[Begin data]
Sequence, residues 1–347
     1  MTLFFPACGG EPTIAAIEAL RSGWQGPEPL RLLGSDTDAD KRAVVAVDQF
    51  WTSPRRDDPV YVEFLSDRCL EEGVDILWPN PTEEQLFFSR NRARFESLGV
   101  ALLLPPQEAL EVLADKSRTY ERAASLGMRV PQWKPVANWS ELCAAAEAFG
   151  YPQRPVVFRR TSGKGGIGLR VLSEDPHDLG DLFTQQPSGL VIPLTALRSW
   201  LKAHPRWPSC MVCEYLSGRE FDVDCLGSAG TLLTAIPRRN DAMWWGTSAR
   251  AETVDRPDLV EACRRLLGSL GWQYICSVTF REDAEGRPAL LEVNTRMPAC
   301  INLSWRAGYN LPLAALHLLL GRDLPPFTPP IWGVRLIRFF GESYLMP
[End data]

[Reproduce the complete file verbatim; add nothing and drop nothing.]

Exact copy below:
Sequence, residues 1–347
     1  MTLFFPACGG EPTIAAIEAL RSGWQGPEPL RLLGSDTDAD KRAVVAVDQF
    51  WTSPRRDDPV YVEFLSDRCL EEGVDILWPN PTEEQLFFSR NRARFESLGV
   101  ALLLPPQEAL EVLADKSRTY ERAASLGMRV PQWKPVANWS ELCAAAEAFG
   151  YPQRPVVFRR TSGKGGIGLR VLSEDPHDLG DLFTQQPSGL VIPLTALRSW
   201  LKAHPRWPSC MVCEYLSGRE FDVDCLGSAG TLLTAIPRRN DAMWWGTSAR
   251  AETVDRPDLV EACRRLLGSL GWQYICSVTF REDAEGRPAL LEVNTRMPAC
   301  INLSWRAGYN LPLAALHLLL GRDLPPFTPP IWGVRLIRFF GESYLMP